And I would learn what the buildings are, try to use landmarks to figure out where I’m at. I remember one of them– one of the buildings, the IT building. In the summer, there was a water fountain that they would have running constantly. And my O&M instructor said, you could use the fountain as a guide to have an idea of where you’re at, but you also can’t.

Because in the winter, it’s not going to be running, so you’re not going to be able to really that to your advantage. So I would do that– learn how to get to my classes before having to actually get to my classes. So I would know the route to get there.

And that’s something that most people take for granted as sighted people. You can take a visual of the campus and get, OK, that’s the IT building. Whereas when we’re walking, any number of things could happen.

Like your O&M instructor had said, the fountain is not going to be running in the winter. But then it might be off in the summer too for work. You have no clue.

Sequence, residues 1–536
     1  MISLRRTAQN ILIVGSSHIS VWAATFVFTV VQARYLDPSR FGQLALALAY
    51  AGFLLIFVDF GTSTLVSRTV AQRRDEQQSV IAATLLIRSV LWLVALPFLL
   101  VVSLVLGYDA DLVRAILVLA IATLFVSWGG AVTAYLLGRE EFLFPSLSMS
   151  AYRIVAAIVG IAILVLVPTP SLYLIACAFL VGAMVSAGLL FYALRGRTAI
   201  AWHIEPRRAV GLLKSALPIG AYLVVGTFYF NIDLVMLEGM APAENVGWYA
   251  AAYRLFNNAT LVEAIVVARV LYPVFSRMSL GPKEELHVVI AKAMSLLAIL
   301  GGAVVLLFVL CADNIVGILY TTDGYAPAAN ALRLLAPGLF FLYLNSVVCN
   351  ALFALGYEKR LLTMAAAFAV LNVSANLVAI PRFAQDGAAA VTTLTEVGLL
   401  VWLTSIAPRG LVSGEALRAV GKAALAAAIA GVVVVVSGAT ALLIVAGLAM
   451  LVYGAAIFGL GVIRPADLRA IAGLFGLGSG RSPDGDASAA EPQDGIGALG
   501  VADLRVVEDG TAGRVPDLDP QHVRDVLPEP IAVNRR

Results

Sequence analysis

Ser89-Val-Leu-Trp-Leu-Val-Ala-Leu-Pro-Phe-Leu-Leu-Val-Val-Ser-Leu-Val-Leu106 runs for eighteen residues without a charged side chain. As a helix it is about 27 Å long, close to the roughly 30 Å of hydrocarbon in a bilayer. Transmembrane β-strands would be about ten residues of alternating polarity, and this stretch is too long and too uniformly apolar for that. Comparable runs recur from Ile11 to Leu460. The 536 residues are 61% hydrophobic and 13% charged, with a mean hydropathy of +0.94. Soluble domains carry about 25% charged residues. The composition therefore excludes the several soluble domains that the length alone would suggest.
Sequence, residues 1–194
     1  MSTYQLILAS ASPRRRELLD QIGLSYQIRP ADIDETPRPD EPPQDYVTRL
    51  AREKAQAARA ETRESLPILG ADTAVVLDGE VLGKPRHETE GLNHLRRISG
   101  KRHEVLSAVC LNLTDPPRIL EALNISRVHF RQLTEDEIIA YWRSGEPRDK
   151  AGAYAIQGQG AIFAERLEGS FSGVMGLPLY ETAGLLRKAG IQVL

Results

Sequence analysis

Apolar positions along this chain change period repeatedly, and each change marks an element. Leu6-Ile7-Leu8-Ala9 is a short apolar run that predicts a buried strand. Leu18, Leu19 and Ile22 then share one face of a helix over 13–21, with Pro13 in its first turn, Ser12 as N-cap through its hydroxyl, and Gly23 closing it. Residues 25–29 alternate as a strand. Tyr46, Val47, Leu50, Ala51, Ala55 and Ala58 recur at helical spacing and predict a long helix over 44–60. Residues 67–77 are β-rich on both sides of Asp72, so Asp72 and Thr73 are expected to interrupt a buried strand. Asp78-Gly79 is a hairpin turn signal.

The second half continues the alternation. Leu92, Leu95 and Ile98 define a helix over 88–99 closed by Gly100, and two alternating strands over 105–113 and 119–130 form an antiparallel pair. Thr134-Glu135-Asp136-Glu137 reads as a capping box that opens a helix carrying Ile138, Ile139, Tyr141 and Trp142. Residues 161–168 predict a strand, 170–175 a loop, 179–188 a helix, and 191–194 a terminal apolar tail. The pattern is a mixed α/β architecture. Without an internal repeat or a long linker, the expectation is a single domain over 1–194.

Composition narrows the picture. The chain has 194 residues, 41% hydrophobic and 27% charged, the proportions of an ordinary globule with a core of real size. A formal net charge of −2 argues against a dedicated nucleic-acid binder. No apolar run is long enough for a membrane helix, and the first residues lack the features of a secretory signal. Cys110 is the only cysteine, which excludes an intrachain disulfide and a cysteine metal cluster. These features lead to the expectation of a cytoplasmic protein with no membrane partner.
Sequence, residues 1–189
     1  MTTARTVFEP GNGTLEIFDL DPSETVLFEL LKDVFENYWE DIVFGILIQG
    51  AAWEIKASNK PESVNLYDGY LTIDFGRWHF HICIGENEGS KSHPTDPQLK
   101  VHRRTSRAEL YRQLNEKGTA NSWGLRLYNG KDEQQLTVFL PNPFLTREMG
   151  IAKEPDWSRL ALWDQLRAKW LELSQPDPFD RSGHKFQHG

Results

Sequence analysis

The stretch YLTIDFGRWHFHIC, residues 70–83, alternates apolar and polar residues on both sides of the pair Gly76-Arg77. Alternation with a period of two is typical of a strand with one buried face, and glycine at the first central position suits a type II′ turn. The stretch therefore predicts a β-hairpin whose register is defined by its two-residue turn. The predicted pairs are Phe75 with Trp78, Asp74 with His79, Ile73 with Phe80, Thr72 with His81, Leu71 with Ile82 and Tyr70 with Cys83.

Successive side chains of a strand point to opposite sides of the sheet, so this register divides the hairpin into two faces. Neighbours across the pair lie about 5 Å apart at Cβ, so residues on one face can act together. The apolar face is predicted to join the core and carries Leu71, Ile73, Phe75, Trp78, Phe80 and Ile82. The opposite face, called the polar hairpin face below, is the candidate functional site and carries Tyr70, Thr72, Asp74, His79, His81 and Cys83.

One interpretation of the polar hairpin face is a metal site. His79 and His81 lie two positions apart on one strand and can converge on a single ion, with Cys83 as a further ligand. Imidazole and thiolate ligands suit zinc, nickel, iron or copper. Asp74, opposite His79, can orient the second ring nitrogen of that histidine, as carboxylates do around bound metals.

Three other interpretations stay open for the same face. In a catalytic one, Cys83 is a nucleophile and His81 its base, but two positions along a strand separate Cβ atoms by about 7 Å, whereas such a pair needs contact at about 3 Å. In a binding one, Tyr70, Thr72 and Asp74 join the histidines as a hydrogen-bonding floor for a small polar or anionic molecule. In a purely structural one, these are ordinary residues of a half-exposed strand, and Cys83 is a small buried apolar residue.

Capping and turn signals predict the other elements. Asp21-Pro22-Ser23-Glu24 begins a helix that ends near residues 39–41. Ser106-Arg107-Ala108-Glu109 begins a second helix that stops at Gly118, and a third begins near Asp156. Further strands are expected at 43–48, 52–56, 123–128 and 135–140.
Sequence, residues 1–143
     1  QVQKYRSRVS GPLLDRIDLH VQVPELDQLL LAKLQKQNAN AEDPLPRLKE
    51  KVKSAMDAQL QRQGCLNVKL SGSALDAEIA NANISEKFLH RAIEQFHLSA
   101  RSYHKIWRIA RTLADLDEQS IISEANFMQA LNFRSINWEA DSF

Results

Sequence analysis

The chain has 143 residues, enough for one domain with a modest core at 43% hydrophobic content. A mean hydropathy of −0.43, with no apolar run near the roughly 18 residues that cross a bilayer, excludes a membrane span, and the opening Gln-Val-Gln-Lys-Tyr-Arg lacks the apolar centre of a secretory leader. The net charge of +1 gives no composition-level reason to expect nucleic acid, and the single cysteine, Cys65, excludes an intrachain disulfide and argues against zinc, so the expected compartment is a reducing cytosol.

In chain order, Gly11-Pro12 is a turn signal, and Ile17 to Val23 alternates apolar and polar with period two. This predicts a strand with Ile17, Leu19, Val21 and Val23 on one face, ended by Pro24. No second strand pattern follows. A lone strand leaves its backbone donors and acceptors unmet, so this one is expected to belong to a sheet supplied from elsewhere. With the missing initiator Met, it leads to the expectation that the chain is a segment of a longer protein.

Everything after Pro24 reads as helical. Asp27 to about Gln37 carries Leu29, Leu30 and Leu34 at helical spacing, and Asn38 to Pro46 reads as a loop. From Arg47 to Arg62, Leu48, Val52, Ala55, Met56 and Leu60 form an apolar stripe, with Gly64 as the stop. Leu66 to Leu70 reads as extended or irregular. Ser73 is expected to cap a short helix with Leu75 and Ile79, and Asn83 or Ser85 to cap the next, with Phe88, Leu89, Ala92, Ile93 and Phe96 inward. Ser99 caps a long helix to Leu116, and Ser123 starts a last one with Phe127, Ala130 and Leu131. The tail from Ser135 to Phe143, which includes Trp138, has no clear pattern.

I know walking through New York City, any number of things could come up that complicate my audio sensitivity to listening to where I’m going. And that anxiety, mostly– because you must have been heightened because you had to get to your class.

You had to figure out how to get there. And then you had to spend how many hours with your O&M instructor just learning how to navigate the campus.

And today there’s a lot of wayfinding programs. We’re working with a few different companies to help us– those of us who are visually impaired and/or blind– navigate and travel off the grid, as it were, and be able to navigate inside buildings and campuses.

There’s a lot of new tools out there that I’m hoping people will be aware of and look deeper into, especially those disability resource centers that should be on top of all of this at any university, regardless of whether it’s rural, urban, or in between. You’ve got all this O&M instruction, and then you start going to classes.

Yes. They were kind of difficult. Well, especially the English or like the reading classes– those were difficult because I was stunted because of not having the proper technology to help me through public education. But math– for some reason, I was really good at math. I could do math in my head like nothing. I don’t know why I was so good at math, but I was.

Still are. They still are.

They still are.


I don’t know. I was better back in school.

You’re pretty good because I can’t– you’re pretty good at it still.

If you say so.

You can pick it back up in a heartbeat, man. You just get a little practice in you, and–

Two plus two.

–doing the stuff you did in college, no problem.

2 plus 2 is 3.

There you go.


I was going to say–

Two plus two is fish.